Prime mover or fellow traveller: 25-hydroxy vitamin D's seasonal variation, cardiovascular disease and death in the Scottish Heart Health Extended Cohort (SHHEC).
Tunstall-Pedoe H., Woodward M., Hughes M., Anderson A., Kennedy G., Belch J., Kuulasmaa K., MORGAM Investigators None.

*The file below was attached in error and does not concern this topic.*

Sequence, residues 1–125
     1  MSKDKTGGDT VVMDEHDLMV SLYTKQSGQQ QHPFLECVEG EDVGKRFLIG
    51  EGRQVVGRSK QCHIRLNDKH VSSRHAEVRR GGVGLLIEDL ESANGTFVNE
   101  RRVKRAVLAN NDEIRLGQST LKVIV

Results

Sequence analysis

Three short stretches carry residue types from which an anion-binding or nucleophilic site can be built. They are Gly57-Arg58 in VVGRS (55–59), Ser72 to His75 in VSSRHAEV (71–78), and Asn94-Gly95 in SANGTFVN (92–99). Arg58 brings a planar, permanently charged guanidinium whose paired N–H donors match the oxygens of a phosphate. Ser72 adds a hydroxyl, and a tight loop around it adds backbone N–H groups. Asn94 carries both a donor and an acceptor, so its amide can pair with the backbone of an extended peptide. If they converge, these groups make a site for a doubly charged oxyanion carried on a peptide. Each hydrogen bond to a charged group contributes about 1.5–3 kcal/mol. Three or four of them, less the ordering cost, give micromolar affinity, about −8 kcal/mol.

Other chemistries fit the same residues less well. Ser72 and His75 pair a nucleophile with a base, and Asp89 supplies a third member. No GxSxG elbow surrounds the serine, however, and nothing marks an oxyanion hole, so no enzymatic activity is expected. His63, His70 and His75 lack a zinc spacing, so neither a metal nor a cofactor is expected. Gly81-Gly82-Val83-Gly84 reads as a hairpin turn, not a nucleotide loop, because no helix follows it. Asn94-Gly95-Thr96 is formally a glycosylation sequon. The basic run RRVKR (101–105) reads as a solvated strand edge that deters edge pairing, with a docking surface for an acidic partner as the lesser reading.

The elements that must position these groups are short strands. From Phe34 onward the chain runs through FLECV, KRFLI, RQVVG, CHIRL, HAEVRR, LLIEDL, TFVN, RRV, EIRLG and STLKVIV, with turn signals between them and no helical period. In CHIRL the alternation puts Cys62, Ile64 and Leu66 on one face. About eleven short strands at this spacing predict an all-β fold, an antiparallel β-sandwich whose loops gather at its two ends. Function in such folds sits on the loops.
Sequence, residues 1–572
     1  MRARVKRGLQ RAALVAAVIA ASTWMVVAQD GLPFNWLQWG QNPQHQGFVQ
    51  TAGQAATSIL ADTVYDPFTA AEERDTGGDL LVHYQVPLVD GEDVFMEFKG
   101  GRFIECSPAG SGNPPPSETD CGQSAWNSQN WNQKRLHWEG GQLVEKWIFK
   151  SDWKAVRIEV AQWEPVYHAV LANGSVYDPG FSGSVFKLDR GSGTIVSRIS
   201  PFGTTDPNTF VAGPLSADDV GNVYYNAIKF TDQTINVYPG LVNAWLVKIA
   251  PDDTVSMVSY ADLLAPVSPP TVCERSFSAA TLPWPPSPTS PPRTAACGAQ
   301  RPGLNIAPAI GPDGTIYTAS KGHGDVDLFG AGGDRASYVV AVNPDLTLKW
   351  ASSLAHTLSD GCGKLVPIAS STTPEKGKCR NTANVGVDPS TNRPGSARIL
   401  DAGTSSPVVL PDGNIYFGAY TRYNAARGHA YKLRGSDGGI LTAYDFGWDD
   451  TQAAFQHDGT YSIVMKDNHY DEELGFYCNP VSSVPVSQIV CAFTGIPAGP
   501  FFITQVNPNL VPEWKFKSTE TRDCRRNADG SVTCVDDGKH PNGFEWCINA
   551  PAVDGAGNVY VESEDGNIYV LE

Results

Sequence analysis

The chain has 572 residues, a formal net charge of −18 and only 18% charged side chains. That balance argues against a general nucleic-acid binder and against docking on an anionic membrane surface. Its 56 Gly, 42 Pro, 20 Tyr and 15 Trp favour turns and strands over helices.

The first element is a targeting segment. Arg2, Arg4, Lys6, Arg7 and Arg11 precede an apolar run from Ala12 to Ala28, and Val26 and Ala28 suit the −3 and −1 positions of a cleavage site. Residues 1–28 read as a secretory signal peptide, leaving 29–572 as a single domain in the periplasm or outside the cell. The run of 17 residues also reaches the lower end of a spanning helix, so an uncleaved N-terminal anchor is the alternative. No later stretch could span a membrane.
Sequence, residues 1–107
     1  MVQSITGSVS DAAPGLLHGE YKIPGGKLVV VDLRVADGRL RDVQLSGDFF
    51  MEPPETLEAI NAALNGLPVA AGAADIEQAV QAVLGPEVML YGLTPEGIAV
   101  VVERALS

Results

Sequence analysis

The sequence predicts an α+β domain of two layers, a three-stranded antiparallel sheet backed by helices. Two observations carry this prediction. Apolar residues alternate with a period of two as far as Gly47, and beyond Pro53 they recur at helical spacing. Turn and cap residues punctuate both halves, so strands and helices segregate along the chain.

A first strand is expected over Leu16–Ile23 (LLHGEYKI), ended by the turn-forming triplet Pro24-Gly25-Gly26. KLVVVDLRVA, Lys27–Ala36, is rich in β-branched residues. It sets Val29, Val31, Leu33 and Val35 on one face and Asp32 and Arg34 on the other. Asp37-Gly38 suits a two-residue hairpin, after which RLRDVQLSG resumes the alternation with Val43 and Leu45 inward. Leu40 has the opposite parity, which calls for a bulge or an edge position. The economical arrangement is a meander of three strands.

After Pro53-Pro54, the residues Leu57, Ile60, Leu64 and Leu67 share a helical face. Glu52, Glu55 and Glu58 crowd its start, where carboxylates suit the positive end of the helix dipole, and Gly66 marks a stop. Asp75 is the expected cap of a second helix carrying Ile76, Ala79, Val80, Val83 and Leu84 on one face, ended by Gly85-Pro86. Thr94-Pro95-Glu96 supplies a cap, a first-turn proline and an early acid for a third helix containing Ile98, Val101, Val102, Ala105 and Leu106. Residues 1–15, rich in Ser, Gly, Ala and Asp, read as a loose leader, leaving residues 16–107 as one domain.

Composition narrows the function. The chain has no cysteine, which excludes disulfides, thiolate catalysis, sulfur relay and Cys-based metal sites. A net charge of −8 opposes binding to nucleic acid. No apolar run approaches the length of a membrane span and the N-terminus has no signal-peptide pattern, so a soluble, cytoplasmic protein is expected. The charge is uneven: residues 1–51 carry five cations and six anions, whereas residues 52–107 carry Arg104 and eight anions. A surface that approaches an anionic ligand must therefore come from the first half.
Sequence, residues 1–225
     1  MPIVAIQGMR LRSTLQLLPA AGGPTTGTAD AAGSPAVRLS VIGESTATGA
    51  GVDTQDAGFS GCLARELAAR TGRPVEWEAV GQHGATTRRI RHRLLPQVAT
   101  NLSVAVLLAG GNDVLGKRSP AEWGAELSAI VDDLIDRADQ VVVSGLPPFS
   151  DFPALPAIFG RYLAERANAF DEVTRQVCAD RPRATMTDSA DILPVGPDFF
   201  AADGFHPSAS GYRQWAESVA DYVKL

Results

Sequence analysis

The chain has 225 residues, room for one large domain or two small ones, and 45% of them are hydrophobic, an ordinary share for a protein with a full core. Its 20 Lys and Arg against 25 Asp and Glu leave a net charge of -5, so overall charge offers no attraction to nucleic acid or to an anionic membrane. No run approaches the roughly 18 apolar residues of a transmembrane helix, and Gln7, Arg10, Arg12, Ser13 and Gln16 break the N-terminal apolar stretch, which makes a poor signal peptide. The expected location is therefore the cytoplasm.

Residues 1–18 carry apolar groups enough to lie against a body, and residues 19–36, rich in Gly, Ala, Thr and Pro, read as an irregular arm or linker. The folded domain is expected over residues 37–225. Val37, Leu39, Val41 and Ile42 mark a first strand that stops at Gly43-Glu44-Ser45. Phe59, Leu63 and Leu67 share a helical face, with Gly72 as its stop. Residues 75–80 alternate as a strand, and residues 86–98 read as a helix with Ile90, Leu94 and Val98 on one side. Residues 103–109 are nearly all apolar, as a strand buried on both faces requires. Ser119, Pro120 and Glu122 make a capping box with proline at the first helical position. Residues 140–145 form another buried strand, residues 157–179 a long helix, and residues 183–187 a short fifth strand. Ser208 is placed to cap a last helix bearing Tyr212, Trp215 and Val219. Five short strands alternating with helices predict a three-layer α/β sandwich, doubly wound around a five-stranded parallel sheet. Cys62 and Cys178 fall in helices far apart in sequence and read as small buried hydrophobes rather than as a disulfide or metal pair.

BACKGROUND: Theoretical links between seasonal lack of sunlight, hypovitaminosis D and excess cardiovascular disease and death prompted our adding novel to conventional cohort analyses. METHODS: We tested three postulates on 13,224 Scottish Heart Health Extended Cohort participants, assayed for 25-hydroxyvitamin D (25OHD) and followed for 22 years. (i) Endpoints enumerated by month of occurrence mirror annual seasonal oscillation in 25OHD. (ii) Endpoint seasonality is increased in people with below median 25OHD. (iii) Low 25OHD predicts endpoints independently of major risk factors. RESULTS: Baseline median 25OHD level was 36.4 (other quartiles 26.7, 51.7) nmol/l. The March trough was half the August peak, both well after seasonal solstices. (i) There was no demonstrable monthly variation in First Cardiovascular Event (n = 3307). Peaks and troughs for All Death and Cardiovascular Death (n = 2987, 1350) were near the solstices, earlier than extremes of 25OHD. (ii) Endpoint variability showed no difference between those above and below median 25OHD. (iii) Cox model hazard ratios (HR), by decreasing 25OHD, increased modestly and nonspecifically for all endpoints examined, with no threshold, the gradients diminishing by ∼ : 60% following multiple adjustment. For Cardiovascular Disease, HR, by 20 (∼ SD) nmol/l decrease, =1.224 (1.175, 1.275) adjusted for age and sex; additionally adjusted for family history, deprivation index, smoking, systolic blood pressure, total and HDL cholesterol, =1.093 (1.048, 1.139); All Deaths = 1.238 (1.048, 1.139) and 1.098 (1.050, 1.149). 25OHD made no independent contribution to cardiovascular discrimination and reclassification. CONCLUSIONS: Our analyses challenge vitamin D's alleged role as major prime mover in cardiovascular disease and mortality.